Brain Pathology Case of the Month - January 1999

Contributed by CP Molina, MD, H Hawkins, MD, PhD, G Campbell, MD, PhD, T Rowe, MD, M Grafe, MD, PhD
    University of Texas Medical Branch, Departments of Pathology and Obstetrics & Gynecology, Galveston, TX, U.S.A.


This was a 29-week gestational age newborn male infant born to a 20 year-old primigravid, Caucasian woman, after prolonged premature rupture of membranes. Two weeks before spontaneous vaginal delivery, a routine prenatal ultrasound had shown moderate hydrocephalus and distorted intracranial anatomy, with an echogenic mass in the third ventricle. His neurologic outcome could not be predicted at that time. At the time of delivery he was limp, bradycardic, and had Apgar scores of 3 and 5 at one and five minutes, respectively. He was found to have hydrocephalus and ascites. A CT scan of the head revealed extensive hemorrhage, parenchymal infarction, and numerous calcifications. He was immediately intubated and placed on mechanical ventilation. Prophylactic surfactant and antimicrobial therapy were started. A chest X-ray revealed severe hyaline membrane disease. Multiple decompressive ventricular taps were performed showing a hemorrhagic cerebrospinal fluid (CSF) with no evidence of infection. No malignant cells were detected on CSF smears. Toxoplasma and RPR serologies were negative. Despite supportive treatment, his condition progressively deteriorated. He became more edematous and hyperkalemic, with a progressive decrease in urinary output. He died four days after birth.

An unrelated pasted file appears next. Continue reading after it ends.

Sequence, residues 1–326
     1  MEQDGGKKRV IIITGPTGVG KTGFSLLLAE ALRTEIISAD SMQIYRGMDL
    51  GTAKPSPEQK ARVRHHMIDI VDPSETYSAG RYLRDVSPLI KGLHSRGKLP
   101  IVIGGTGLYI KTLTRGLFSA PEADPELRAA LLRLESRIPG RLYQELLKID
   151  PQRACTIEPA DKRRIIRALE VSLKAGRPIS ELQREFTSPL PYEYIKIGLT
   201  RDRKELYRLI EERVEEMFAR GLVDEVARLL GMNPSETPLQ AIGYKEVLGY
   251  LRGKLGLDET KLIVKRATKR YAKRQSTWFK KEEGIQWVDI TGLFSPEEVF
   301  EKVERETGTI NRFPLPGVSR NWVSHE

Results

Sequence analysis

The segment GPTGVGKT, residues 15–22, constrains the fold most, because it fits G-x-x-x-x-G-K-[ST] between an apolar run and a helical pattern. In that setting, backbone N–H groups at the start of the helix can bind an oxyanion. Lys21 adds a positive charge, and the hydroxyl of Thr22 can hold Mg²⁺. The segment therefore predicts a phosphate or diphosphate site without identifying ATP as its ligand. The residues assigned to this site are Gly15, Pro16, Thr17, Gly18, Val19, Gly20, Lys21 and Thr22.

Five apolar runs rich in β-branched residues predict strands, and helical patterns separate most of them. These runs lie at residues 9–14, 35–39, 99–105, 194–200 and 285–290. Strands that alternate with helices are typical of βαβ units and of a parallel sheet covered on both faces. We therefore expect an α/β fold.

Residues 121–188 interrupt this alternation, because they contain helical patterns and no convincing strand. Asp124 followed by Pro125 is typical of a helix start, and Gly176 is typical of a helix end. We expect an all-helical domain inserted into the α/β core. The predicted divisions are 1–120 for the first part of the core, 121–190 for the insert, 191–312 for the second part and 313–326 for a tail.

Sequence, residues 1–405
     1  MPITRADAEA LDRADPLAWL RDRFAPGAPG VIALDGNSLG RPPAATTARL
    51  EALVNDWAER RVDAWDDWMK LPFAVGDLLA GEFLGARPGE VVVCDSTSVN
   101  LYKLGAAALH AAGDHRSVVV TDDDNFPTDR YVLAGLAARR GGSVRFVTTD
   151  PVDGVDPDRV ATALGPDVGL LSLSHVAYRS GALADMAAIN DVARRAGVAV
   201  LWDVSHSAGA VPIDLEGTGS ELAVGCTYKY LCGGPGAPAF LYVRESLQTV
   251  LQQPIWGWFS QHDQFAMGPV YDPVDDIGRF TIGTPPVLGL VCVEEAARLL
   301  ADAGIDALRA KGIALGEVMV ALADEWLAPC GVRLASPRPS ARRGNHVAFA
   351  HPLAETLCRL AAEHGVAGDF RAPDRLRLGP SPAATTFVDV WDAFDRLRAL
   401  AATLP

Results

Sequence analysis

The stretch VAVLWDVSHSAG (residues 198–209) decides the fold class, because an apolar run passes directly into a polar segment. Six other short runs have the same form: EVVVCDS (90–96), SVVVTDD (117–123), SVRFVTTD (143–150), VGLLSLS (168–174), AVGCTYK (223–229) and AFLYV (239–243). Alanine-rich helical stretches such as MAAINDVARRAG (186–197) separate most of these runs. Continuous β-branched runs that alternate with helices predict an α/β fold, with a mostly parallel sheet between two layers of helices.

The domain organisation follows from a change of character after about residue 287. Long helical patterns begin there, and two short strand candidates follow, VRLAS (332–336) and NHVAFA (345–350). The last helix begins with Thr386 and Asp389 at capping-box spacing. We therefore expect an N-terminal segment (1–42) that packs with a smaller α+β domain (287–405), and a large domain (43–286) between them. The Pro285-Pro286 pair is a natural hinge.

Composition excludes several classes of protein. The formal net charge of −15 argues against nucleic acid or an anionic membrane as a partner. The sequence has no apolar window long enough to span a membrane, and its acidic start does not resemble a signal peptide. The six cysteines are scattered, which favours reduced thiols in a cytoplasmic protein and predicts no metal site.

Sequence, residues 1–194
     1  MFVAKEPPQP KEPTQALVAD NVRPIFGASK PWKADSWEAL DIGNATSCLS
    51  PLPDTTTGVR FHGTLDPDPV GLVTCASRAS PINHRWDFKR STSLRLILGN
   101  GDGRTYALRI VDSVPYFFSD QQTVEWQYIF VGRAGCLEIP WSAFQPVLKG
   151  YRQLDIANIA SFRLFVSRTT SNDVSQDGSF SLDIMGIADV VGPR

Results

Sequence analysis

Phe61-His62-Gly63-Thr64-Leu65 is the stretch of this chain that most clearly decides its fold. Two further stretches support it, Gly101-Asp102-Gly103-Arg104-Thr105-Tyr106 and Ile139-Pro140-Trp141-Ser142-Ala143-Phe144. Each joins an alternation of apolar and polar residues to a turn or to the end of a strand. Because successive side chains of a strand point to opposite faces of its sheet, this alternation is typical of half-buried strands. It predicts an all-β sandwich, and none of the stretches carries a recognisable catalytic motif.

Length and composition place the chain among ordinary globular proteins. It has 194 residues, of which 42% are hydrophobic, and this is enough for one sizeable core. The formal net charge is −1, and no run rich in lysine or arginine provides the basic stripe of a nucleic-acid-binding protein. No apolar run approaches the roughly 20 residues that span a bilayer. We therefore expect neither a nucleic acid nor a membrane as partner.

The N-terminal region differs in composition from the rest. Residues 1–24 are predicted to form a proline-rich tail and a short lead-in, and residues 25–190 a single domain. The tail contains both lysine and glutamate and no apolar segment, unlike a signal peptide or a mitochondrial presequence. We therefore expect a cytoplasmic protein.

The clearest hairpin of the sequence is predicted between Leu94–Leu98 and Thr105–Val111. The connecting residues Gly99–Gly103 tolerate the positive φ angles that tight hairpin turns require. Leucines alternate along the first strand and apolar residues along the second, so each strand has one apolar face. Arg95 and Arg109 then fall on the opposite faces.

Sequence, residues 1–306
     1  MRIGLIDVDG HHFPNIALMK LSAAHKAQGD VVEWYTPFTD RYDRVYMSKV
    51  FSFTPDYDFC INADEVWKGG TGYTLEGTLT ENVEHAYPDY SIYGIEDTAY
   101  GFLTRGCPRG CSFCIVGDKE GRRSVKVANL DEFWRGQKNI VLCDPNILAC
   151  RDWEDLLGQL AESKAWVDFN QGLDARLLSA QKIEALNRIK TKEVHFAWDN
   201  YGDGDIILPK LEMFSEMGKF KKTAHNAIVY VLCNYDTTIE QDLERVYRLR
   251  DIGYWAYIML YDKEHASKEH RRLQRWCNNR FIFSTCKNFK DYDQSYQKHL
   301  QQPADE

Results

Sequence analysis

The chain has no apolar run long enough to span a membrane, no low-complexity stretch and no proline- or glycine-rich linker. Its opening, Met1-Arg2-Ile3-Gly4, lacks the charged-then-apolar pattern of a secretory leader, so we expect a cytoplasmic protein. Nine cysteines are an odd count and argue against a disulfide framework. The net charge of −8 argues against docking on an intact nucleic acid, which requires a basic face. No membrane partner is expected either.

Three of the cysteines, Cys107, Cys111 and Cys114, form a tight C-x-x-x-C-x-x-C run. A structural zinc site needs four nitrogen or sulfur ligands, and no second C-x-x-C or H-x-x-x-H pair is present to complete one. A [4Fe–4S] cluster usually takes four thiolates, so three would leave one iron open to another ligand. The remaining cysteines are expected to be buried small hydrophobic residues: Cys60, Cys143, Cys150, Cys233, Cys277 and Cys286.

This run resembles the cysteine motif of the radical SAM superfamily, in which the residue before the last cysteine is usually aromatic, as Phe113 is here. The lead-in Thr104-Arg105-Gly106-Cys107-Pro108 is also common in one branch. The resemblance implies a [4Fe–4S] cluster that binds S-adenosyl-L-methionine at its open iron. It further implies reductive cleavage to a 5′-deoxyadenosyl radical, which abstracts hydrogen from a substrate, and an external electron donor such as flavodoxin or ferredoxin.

Two weeks before delivery a routine ultrasound examination showed a fetus with moderate hydrocephalus (ventricular width 1.7 cm) (Fig. 1). The third ventricle was dilated (2.5 cm) and contained a prominent echogenic mass (Fig. 2). The cerebellum and posterior fossa were not well visualized. Organized thrombus and tumor were considered in the differential diagnosis.

Shortly after delivery, CT scan of the head without contrast revealed hydrocephalus involving all ventricles, and amorphous tissue over the left convexity with numerous areas of calcification (Fig. 3). Intrauterine infections, including toxoplasmosis, and primitive brain tumor were considered in the differential diagnosis.



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